Wallabies

As a student studying zoological veterinary medicine I come across lots of marsupial animals. Last week I posted a bit about the Quokkas on Rottness Island. Australia, is filled with several types of marsupial animals. One of the most beloved are the Wallabies.

Wallabies like Quokkas and Kangaroos are apart of the macropod family. This means they are a marsupial animal that uses there hing legs and tail for balance and stability. There hind legs are often longer than there front and resort to hopping mobility.

Many people consider Wallabies to be “mini Kangaroos” and several consider them in the Kangaroo species. However, my professors disagree due to anatomical differences. Wallabies are visibly shorter. There body range is 40-112 cm from head to tail. Tail span ranges from 30- 80 cm. Likewise, there features are also “softer” since most wallabies are viewed as more delicate. They have longer eyelashes and more pointed noses. In addition they also have a higher metabolic rate due to expansion in the extensor ankle tendons. This enables high power kicks and impressive jump ranges.

Wallabies are like most there macropod family members and are sensitive. They like to be around positive and happy environments. Wallabies aren’t big on loud noises and don’t fare well in easily excited landscapes. They are native to the Australian terrain and outback. However due to there population numbers many are viewed as pest, much like there family members.

Since, I like to do rescue work I decided to list a few ways to help care for a Wallaby encase one is in need of care. There a few Wallaby rescues one can contact.  However, if one can’t reach a rescue this is a care protocol one should follow.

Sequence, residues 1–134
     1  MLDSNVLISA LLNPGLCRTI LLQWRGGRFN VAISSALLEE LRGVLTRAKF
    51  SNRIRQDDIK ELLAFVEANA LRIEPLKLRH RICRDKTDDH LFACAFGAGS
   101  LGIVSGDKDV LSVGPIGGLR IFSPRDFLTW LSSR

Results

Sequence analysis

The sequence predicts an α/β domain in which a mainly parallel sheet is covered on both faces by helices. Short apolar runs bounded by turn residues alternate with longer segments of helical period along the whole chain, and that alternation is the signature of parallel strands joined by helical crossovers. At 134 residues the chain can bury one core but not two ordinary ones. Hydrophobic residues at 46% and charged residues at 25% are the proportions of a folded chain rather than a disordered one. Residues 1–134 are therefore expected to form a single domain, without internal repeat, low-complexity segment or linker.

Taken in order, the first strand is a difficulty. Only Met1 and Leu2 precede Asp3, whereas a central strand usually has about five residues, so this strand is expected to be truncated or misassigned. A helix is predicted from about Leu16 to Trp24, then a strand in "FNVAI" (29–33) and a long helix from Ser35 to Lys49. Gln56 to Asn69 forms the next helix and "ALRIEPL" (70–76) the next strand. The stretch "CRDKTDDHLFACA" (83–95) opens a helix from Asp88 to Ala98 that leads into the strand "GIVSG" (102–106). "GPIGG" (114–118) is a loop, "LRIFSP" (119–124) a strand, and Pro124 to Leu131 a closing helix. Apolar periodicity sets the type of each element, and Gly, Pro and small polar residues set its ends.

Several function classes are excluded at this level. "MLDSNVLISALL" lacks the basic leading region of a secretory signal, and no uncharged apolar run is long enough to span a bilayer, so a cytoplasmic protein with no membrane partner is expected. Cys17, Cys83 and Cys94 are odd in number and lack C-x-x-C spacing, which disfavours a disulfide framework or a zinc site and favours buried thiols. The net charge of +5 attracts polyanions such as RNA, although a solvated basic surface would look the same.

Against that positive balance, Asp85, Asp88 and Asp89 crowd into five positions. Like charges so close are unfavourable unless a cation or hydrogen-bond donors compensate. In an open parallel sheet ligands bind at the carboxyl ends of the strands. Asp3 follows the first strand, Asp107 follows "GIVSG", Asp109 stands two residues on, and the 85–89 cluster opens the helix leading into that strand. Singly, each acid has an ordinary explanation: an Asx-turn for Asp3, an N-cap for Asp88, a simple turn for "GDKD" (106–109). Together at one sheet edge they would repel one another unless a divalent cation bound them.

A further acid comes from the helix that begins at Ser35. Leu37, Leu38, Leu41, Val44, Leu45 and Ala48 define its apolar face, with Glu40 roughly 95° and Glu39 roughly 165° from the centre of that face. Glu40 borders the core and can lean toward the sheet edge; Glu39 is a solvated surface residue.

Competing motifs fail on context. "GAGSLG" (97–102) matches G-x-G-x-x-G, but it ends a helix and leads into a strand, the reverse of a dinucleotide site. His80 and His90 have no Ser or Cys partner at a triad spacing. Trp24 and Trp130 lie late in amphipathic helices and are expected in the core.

Health- Wallabies will need regular vaccinations. They are susceptible to many parasites and can become easily vitamin deficient. So, make sure to schedule biannual appointments with an exotic or zoological veterinarian to make sure health needs are necessary. If the vet requires additional appointments make sure to attend.

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Diet– Wallabies can eat alfalfa and grass. This is the main staple of their diet. If trying to lure a Wallaby or entice them into eating more food add carrots and dandelion leaves to the feed. As far as treats go Wallabies love carrots, broccoli, and bananas. They should only be given once a week since they aren’t a natural diet for a macropod.

Note; When eating Wallabies often regurgitate there food. This isn’t a sign of illness it is just a way they break down the roughage in there diet. It helps the protein content be digested smoothly.

If caring for a Wallaby joey one should have Wombaroo Milk Replacer. This is a special milk powder formula all marsupial animals should have under 24 months. It should be feed in a bottle.

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Housing– Wallabies are active animals that need space. If caring for one on your own make sure they have an outdoor space they can get at least four hours a day in. Likewise, there inside enclosure should be at least 6×6 feet. This ensures they can have proper room for mobility.

Since they are a marsupial animal you can take old bags and hang them in the room so they have a makeshift marsupial.  When inside the temperature needs to be above 50 degrees. They are partial to higher temperatures.

Note; Wallabies will often reveal symptoms of illness by liking there paws and coats. Normally, this would be a sign to take a marsupial animal to the vet, yet wallabies utilize it as a mechanism. This helps cool off there bodies from the preferred warmer temperatures.

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A list below are a few wildlife sanctuaries and rescues that will care for wallabies. If you cannot care for a wallaby properly or have questions about an endangered wallaby or macropod feel free to contact these resources.

  1. https://www.frontiergap.com/projects/12/Australia-Wallaby-Rescue
  2. https://www.wallabyranch.org/ranch.htm
  3. http://www.kangaloolawildlifeshelter.org.au/wallabies
  4. http://www.kangarookate.com/wallaby.htm
  5. http://wildcare.org.au/rescue-information/